The music’s black…
Huge hype surrounded this musical venture, even before there were any recordings. The Basel musician Manuel Gagneux wondered what combining black slave music and gospel with black metal would sound like – a previously inconceivable blend. It was a whimsical project, but Gagneux put his all into it.
Just under a year ago, the vocalist and guitarist, who previously lived in New York, put the initial results of his experiment online under the name Zeal & Ardor – triggering an absolute frenzy. A journalist from the eminent American music magazine “Rolling Stone” heard the “Devil is Fine” track and was so impressed that he proclaimed his love for the obscure project from Basel worldwide.
The media attention was unprecedented – a full European tour with sorties to the USA was booked, and no less a figure than Slash from Guns N’ Roses lauded Zeal & Ardor as one of the most exciting music projects of recent years, even before the debut album had been released.
The time has finally arrived – the album ironically entitled “Devil is Fine” has now been available for several months. It certainly lives up to all the hype. This very short album of just under half an hour combines black roots music with white black metal in an astounding way. Passionate gospel is interspersed with furious screeching and rapid blast beats. A fusion of mainstream and underground, groove and hard metal is produced. Gagneux has a powerful voice, which he demonstrates in intense bursts. He has a flair for metal, but also produces great melodies.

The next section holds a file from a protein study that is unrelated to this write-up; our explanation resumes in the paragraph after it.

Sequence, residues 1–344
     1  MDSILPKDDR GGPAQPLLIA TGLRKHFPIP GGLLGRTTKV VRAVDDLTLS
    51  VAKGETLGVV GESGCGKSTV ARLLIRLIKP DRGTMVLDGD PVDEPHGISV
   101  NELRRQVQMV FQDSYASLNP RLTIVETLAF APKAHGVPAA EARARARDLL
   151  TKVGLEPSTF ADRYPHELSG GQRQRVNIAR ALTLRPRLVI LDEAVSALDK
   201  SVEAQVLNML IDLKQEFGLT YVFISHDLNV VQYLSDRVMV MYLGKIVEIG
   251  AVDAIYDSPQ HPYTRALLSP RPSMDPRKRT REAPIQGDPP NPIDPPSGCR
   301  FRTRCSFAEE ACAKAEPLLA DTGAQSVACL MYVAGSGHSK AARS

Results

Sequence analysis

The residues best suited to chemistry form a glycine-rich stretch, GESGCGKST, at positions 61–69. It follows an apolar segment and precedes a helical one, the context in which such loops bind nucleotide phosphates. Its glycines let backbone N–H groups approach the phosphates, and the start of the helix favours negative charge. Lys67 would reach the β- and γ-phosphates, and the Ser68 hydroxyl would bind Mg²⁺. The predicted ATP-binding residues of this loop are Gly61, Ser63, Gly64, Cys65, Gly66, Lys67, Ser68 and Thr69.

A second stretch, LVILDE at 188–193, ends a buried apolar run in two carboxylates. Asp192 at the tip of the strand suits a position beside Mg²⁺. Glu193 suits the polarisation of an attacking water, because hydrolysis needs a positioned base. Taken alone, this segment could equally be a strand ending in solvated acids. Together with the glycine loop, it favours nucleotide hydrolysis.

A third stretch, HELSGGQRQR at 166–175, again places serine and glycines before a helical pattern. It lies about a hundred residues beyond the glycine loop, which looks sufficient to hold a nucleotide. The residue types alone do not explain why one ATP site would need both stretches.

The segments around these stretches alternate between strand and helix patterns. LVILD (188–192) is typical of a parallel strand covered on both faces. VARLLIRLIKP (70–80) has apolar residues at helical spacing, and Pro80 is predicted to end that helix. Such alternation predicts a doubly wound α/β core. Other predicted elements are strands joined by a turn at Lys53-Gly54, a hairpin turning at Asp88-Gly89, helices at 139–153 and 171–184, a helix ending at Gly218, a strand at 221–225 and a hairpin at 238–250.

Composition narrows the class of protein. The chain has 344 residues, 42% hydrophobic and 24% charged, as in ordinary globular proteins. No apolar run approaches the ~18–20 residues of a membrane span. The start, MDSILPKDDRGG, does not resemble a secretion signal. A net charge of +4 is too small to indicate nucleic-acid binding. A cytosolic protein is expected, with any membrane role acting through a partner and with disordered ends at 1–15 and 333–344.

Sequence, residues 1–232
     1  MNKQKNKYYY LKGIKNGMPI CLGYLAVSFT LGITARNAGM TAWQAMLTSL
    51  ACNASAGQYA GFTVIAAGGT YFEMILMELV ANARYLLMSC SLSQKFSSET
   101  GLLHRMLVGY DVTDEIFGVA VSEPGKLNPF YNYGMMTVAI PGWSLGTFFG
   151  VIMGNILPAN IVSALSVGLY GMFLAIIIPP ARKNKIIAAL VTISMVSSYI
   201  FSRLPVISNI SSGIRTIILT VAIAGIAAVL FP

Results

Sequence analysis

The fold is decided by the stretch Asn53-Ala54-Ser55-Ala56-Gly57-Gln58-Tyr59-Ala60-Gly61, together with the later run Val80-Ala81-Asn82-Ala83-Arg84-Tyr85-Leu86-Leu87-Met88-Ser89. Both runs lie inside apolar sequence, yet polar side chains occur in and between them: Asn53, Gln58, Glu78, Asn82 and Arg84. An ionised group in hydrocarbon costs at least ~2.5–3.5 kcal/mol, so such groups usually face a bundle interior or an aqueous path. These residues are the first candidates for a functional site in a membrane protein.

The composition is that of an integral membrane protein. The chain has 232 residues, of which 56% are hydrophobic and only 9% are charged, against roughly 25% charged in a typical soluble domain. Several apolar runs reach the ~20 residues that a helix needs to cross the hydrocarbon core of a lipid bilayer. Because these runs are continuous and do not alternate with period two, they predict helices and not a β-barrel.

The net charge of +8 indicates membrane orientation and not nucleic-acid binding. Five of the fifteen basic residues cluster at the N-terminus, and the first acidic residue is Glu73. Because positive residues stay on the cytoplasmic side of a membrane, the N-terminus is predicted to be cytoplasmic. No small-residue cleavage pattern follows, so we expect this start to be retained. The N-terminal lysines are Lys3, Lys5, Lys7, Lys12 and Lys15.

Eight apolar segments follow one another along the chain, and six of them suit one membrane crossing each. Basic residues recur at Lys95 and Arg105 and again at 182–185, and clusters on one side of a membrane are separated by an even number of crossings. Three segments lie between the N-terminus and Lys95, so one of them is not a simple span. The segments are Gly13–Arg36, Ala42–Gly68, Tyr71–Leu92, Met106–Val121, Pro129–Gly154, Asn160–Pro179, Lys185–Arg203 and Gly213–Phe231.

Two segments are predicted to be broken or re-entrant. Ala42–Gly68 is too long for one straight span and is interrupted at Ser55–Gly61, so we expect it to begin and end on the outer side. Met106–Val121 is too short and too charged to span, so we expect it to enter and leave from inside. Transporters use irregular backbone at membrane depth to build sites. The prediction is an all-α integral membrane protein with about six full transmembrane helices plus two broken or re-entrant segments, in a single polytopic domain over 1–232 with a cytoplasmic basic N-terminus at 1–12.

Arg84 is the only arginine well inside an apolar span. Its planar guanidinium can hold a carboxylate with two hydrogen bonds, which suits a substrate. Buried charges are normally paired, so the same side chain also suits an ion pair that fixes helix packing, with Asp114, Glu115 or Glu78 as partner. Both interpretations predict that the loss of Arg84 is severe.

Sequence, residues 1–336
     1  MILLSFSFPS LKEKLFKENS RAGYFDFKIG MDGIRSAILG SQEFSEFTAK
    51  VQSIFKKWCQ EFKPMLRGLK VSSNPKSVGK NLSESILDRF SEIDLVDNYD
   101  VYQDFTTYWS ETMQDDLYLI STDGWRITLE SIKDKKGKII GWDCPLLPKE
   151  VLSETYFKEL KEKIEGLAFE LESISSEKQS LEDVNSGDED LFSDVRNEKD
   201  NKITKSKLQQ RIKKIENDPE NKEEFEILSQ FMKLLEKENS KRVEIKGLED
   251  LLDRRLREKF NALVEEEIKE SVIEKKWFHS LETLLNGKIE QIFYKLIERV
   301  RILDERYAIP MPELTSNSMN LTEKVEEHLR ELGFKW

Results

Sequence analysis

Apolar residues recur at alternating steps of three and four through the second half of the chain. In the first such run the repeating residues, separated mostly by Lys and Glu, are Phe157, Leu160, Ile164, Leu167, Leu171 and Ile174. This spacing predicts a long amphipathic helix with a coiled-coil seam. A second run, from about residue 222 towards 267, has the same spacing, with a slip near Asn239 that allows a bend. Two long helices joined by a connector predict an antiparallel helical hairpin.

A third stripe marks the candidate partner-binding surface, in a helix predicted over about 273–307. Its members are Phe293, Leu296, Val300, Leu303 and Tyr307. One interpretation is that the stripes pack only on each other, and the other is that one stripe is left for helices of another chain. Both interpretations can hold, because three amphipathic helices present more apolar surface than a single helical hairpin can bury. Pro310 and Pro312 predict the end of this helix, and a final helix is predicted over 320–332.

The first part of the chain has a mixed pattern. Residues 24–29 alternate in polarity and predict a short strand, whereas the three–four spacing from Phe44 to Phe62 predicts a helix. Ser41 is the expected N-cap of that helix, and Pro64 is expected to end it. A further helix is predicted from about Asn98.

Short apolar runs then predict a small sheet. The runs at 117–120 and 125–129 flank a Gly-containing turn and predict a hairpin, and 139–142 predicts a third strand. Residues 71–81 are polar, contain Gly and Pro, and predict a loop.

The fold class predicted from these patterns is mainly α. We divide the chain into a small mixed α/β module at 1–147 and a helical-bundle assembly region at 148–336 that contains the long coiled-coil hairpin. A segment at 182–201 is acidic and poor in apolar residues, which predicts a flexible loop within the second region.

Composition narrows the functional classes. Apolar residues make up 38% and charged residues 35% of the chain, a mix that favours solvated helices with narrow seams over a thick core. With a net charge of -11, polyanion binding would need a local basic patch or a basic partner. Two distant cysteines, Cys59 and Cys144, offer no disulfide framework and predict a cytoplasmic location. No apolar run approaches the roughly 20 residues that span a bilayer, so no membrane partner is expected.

It comes as little surprise that Zeal & Ardor ultimately appeals to a broad pop audience just as much as to the introverted black metal scene. One small note of concern – the appeal begins to wear off over the course of an entire album. It will be interesting to see whether Zeal & Ardor can maintain the suspense and interest in their venture with a future album.
Zeal & Ardor: “Devil is Fine” (Radicalis).